The Lumix GH4 offers such a variety of video formats, bit rates, refresh rates and resolutions that trying to list all possible combinations could fill multi-page tables. Therefore, only a few key data are listed. The video formats MP4, MOV, AVCHD and AVCHD progressive are supported, whereby the GH4 creates seamless files if necessary for seamless recording, but after almost 30 minutes recording is interrupted in Europe due to customs regulations, since the GH4 is a photo camera and not a video camera, for the latter a higher duty is required. The scanning is 4:2:2 and is done either in 8 bits on the memory card and optional additional external recording devices, or one leaves out the memory card and records externally with 10 bits. The bit rate can be up to 100 or 200 Mbit/s, but UHS-3 memory cards are required to reliably store the high data rates. Frame rates are supported at 4K 24, 25 and 30 frames per second, in contrast to the GH3 it does not matter whether the camera is set to NTSC or PAL or is specified for corresponding countries. With Full HD video, VFR also allows higher frame rates to be recorded, about 96 frames per second. At 200 Mbps, ALL-Intra is stored, which means that each of the images in the video is a full frame compressed individually. But also the standard IPB are supported, then the bitrate is maximum 100 Mbit/s. The sound is recorded in high LPCM quality.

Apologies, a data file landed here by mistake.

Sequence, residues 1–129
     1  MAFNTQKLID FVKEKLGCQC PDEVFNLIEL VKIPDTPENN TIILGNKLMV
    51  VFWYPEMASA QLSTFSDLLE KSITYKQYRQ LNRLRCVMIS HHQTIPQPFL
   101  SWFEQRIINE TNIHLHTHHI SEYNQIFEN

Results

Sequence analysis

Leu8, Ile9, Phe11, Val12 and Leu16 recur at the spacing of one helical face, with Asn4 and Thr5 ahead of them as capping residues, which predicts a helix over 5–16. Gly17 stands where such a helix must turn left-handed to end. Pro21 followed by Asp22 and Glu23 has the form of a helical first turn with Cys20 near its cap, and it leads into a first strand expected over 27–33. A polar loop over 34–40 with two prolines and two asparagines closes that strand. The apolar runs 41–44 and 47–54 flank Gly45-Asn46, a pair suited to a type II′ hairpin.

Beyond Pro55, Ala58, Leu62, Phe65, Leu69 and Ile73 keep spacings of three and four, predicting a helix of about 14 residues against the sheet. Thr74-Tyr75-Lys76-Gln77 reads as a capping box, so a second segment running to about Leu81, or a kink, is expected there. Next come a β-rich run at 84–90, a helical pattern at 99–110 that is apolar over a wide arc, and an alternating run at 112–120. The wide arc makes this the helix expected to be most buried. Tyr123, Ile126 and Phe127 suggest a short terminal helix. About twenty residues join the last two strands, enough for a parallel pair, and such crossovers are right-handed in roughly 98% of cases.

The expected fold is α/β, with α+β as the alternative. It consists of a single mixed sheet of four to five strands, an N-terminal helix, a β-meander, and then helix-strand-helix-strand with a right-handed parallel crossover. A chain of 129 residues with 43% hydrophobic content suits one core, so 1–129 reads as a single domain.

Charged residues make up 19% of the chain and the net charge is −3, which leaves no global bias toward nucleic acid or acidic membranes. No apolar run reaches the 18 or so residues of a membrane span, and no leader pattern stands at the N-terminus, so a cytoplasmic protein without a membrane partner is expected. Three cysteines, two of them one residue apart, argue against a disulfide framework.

The GH4 supports zebra crossing pattern display and the black level can be adjusted by +/-15 steps using the “Master Pedestal” system. The brightness range of the images can be set to 16-235 or 16-255 instead of photo (0-255). The creative video mode offers gamma presets such as “CINELIKE D” and “CINELIKE V” for a cinema look, a synchro scan is available to suppress flickering, for example when recording neon light. New are also the 1 kHz test tone and the color bars according to SMPTE/EBU/ARIB standard. The time code is recorded according to the SMPTE standard either as “Free Run” or “Rec Run”. As an accessory, Panasonic offers a video interface that is screwed under the camera. Here the videographer has not only level displays and controls at his disposal, but also XLR, timecode and SDI connections. Standard mechanical connectors on the interface allow additional accessories to be attached in front of the camera lens. A 12V connector supplies the interface and the camera with power.

Ergonomics and workmanship

Like its predecessor, the GH4 is also very large for a mirrorless system camera. Especially for one that is equipped with a quite small sensor in Micro-Four-Thirds format. And so the GH4 looks more like a full-grown DSLR than a system camera. The hump of the viewfinder swings far up, in addition to a clearly forward pulled handle and a clearly formed thumb rest. This effort in case design pays off: The GH4 lies perfectly in the hand, its relatively high operating weight of 865 grams therefore hardly disturbs.